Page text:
Like I said, Warner Bros. was invaluable, as were other archives and organizations like the Motion Picture Academy, but the people we interviewed, actual studio veterans, were the best. Some of our most interesting stories were from people who worked on the lot for decades. To a man, these employees all told us that they thought that MGM would last as long as the pyramids. It makes me sad that some of these employees, who were all so helpful and giving of their time and memories, didn’t live long enough to see the book published.

Surprisingly, a lot of great material also came from Culver City residents who, in some cases, used to literally climb the fences as children and explore. I must say, that I very much envy those people their experiences.

Do you have a favorite movie or star from the MGM golden era? What artifacts are still around?

The three of us are probably unlike most other film buffs in that we’ve spent the better part of 10 years watching pictures and wishing that those admittedly gorgeous and charismatic actors in the foreground would just get out of the way so that we could get a better look at the remarkable sets they were standing in and blocking our views of.

For us, our favorite films were the ones that found ways to use the backlot in unusual ways. I’ll give you an example. For a 1935 film called I Love My Wife “Spanish Street” was redressed to play Greece. Then they immediately flooded the same street with water so it could play Venice for Anna Karenina. 1935 audiences would have seen both these films, yet never realized they were looking at the same spot – which of course was in neither Spain, nor Greece, nor Italy, but Culver City. You know anyone could go to Europe and take beautiful pictures of these places. But I hope people will finally appreciate the wonder of getting the same effect, with more artistry, on a studio backlot. And the experience of watching these movies is actually enhanced, not detracted from, as people sometimes say, by the knowledge of this. What could be more mysterious and more wonderful than Venice reconstructed in California, and with Greta Garbo thrown in for good measure? This really is the studio’s legacy, and what survives today.

Is there anyone in the industry today who plays a role like the one Irving Thalberg played at MGM?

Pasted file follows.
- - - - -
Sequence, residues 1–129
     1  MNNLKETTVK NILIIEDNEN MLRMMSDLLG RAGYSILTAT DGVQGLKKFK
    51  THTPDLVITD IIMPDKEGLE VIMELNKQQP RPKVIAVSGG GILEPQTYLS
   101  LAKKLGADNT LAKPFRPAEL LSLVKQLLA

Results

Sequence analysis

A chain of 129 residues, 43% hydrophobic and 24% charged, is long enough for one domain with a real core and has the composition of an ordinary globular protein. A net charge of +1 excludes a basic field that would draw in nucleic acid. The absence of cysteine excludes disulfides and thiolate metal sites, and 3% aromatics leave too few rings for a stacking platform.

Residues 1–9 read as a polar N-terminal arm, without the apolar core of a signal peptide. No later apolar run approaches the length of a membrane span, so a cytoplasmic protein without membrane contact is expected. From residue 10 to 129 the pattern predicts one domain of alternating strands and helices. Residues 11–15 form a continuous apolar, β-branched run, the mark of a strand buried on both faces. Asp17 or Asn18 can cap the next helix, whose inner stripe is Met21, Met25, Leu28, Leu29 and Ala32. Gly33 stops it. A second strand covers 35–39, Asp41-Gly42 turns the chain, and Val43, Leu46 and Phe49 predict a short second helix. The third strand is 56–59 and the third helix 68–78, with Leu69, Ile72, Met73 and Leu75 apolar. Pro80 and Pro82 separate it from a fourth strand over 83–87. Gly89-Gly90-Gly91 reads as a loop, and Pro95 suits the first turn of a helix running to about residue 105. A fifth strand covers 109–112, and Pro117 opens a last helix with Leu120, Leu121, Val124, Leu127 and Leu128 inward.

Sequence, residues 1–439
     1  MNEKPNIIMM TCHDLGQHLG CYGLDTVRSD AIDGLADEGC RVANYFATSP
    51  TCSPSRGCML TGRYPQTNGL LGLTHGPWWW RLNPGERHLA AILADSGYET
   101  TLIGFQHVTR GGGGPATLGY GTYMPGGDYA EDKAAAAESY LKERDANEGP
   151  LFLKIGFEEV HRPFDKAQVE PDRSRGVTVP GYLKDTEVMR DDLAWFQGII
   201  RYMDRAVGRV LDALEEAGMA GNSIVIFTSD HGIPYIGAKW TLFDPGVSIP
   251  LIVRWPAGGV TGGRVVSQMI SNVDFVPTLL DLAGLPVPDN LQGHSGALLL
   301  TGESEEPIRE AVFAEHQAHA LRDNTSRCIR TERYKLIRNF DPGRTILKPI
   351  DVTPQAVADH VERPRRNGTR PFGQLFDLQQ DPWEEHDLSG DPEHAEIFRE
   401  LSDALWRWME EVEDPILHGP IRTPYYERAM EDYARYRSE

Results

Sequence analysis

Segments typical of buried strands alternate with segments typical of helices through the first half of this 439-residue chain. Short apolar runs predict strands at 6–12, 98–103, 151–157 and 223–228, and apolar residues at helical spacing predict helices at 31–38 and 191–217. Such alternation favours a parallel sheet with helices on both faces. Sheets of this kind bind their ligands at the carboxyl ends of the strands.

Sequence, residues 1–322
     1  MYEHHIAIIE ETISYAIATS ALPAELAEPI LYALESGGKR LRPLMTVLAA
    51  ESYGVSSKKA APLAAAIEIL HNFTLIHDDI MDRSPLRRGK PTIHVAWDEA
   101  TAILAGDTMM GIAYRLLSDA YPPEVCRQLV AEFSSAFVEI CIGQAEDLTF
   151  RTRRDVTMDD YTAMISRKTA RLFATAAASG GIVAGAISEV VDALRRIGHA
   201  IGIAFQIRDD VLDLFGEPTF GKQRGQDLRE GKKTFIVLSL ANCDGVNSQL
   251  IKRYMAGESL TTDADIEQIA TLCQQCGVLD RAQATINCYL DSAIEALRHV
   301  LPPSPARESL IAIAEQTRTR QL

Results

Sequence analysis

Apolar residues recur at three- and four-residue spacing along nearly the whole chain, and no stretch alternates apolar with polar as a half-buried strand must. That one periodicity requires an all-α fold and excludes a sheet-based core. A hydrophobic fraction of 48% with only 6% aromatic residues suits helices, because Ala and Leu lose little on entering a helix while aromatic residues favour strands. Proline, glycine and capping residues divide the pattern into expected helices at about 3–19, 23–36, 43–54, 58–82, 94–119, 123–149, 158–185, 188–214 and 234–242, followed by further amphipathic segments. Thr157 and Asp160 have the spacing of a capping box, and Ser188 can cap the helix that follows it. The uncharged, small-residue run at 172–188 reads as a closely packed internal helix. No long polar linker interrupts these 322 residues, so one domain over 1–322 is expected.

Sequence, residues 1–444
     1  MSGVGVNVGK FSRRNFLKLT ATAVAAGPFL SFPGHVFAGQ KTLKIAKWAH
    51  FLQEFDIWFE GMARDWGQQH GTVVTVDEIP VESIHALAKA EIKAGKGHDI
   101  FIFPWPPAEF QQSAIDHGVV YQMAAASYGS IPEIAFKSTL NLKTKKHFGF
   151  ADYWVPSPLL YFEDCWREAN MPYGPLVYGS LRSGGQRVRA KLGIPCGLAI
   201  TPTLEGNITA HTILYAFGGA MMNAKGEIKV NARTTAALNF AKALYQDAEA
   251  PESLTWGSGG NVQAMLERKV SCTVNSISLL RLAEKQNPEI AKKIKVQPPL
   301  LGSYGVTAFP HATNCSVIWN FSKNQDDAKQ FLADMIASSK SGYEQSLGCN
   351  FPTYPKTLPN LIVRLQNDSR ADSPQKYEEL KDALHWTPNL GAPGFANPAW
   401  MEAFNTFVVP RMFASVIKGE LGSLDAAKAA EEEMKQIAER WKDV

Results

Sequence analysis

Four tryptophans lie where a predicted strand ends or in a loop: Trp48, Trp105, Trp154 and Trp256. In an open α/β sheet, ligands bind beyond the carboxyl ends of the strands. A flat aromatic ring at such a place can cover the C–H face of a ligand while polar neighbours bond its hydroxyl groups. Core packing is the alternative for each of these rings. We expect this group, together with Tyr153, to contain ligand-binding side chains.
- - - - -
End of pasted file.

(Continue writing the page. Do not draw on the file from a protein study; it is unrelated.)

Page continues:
No. This isn’t a reflection on anyone in modern Hollywood. The business is just so different, and so adverse to risk-taking due to the enormous amounts of money involved. There really isn’t anyone out there with the opportunity to repeatedly throw the dice and come up with a winner like Thalberg so often did. But it’s important to remember that during Thalberg’s reign, even if a single production didn’t measure up, there would always be another one coming off the assembly line in a matter of days. And that second property could conceivably work out better and cover the losses incurred by the first. This process gave a creative producer like Thalberg a chance to experiment and to try out new ideas, which simply isn’t possible today. In modern Hollywood, even at the largest studios, there just are never enough pictures in the pipeline. And no single producer is ever responsible for all of them. Today, any studio picture is liable to cost so much money that a single failure could destroy careers, or even whole studios. It’s a dangerous and risky business model. One which Thalberg and his cohorts would have thought wasteful and absurd, and which they never had to wrestle with.

The MGM backlot was like a city of its own, with a restaurant, a school, water, power, construction – who oversaw operations? Were there any major problems or mistakes?

J.J. Cohn was the Studio Manager, the man in charge of making sure that all the pieces in this vast, crazy, kaleidoscope that was MGM fit together and worked in harmony with each other. He’s another one of those unsung geniuses who made the Studio system operate so well, and for so long. In fact, the MGM backlot at one time was actually referred to on studio maps as “Cohn’s Park” – which should be an apt indication of his overall influence. We were very lucky in our research in that J.J. lived a long time and film historian Rudy Behlmer had the foresight to sit him down for a long oral history in which he discussed his whole career from the pre-merger Goldwyn days right up into the 1960’s and beyond.